4 global health priorities for next US administration, Congress

How can the next U.S. presidential administration and Congress continue the country’s leadership of global health efforts amid frayed bipartisanship and a struggling economy?

Three U.S. organizations attempt to answer this question in a declaration that proposes four priorities for U.S. engagement in global health efforts in the coming years.

The Center for Strategic and International StudiesCARE and World Affairs Council of Atlanta adopted the so-called Atlanta Declaration at the end of a daylong conference in Atlanta, USA.

The conference featured heads of the three organizations and members of the U.S. health and business communities like Thomas Frieden, head of the Centers for Disease Control and Prevention, and Greg Allgood of Procter & Gamble’s Children’s Safe Drinking Water Program. Also present were government officials like Republican Sen. Johnny Isakson of Georgia, who discussed ways to draw public support for foreign aid programs.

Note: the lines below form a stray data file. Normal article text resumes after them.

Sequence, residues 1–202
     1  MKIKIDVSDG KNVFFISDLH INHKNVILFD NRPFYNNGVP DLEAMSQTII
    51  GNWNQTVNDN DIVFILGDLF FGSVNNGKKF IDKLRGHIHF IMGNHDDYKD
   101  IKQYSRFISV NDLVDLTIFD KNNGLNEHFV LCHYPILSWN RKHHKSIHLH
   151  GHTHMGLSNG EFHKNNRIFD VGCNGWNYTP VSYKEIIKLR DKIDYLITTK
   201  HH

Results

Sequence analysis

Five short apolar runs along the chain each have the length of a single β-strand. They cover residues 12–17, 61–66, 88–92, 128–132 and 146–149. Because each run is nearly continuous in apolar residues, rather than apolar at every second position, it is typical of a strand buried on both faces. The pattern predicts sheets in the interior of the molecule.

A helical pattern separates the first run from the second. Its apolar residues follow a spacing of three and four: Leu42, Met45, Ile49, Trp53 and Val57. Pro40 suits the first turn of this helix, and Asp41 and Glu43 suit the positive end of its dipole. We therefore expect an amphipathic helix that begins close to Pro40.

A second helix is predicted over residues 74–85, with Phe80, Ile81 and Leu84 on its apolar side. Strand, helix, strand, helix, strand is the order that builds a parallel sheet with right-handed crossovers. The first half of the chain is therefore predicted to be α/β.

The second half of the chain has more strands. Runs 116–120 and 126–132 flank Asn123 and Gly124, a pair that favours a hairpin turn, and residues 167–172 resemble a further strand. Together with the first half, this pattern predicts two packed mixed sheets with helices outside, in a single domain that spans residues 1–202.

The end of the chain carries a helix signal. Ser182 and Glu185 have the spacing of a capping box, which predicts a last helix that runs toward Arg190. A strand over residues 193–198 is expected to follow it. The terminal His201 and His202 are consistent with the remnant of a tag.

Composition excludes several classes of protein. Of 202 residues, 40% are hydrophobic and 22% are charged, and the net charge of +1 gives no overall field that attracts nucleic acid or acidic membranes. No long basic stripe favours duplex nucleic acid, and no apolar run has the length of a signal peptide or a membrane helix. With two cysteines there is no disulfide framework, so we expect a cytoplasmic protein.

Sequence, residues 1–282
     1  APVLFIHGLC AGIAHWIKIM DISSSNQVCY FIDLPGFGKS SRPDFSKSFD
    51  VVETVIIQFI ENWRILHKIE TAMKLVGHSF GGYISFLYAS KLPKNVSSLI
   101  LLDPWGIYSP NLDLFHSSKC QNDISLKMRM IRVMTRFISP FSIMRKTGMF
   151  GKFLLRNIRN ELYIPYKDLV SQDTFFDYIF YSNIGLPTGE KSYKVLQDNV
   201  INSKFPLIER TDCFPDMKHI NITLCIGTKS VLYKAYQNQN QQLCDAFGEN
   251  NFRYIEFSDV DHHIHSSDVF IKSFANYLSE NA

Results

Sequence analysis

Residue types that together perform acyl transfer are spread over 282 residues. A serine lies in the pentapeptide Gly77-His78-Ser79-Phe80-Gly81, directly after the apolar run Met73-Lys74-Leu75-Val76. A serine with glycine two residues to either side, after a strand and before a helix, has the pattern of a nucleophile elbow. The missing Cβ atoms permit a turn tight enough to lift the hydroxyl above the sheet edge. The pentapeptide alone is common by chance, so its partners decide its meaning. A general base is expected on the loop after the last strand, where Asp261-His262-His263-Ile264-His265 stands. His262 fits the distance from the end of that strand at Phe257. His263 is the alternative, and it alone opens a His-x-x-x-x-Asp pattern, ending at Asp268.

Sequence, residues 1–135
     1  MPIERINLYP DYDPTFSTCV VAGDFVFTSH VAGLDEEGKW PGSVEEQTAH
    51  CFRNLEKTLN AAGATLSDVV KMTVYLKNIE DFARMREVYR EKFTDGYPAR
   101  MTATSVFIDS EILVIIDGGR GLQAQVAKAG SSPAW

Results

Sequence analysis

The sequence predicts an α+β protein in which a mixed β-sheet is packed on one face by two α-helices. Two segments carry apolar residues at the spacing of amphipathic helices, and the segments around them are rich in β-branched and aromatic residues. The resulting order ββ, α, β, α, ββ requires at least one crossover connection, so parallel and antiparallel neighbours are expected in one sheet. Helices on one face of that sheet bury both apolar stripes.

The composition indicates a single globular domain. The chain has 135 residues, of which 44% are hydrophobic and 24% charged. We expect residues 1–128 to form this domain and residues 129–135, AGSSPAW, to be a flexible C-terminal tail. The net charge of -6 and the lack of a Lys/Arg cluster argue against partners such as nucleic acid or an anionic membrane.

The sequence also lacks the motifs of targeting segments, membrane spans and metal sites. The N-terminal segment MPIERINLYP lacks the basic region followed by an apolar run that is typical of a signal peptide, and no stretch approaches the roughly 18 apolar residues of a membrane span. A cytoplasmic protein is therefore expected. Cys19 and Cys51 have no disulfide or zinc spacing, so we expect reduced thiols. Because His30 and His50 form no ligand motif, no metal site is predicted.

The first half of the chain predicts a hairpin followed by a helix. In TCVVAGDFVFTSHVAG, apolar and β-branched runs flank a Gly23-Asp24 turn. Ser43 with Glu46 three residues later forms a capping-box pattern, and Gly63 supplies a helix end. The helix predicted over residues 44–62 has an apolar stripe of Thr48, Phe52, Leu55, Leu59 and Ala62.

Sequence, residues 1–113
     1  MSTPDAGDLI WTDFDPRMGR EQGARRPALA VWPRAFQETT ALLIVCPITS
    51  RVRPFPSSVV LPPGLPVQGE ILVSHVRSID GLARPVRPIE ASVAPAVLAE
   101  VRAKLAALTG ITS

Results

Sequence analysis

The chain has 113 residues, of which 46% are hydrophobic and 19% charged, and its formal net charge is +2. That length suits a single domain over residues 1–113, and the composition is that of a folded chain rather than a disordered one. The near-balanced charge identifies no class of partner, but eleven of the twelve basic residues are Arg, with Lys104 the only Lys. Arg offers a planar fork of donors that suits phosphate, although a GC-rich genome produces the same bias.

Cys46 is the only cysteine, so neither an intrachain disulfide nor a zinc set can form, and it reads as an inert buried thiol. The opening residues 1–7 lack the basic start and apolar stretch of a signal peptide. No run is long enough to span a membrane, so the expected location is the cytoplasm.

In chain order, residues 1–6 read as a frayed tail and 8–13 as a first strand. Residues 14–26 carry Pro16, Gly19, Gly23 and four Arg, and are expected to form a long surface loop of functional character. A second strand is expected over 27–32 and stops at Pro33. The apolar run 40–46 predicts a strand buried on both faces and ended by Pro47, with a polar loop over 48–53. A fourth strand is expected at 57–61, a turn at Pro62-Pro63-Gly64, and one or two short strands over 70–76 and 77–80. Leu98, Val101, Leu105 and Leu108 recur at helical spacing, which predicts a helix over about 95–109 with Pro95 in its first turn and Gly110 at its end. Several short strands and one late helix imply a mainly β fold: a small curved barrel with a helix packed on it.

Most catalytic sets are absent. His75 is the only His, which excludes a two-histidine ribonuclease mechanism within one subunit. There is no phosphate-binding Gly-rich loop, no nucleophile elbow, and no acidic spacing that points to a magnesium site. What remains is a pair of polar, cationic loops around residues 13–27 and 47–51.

Here are the four priorities the declaration recommends the United States adopt as part of its efforts to improve the health situation in developing countries:

The United States will hold presidential elections on Nov. 6, with incumbent President Barack Obama likely to face former Massachusetts Gov. Mitt Romney of the Republican Party for the country’s top government office.

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About the author

  • Ivy Mungcal

    As former senior staff writer, Ivy Mungcal contributed to several Devex publications. Her focus is on breaking news, and in particular on global aid reform and trends in the United States, Europe, the Caribbean, and the Americas. Before joining Devex in 2009, Ivy produced specialized content for U.S. and U.K.-based business websites.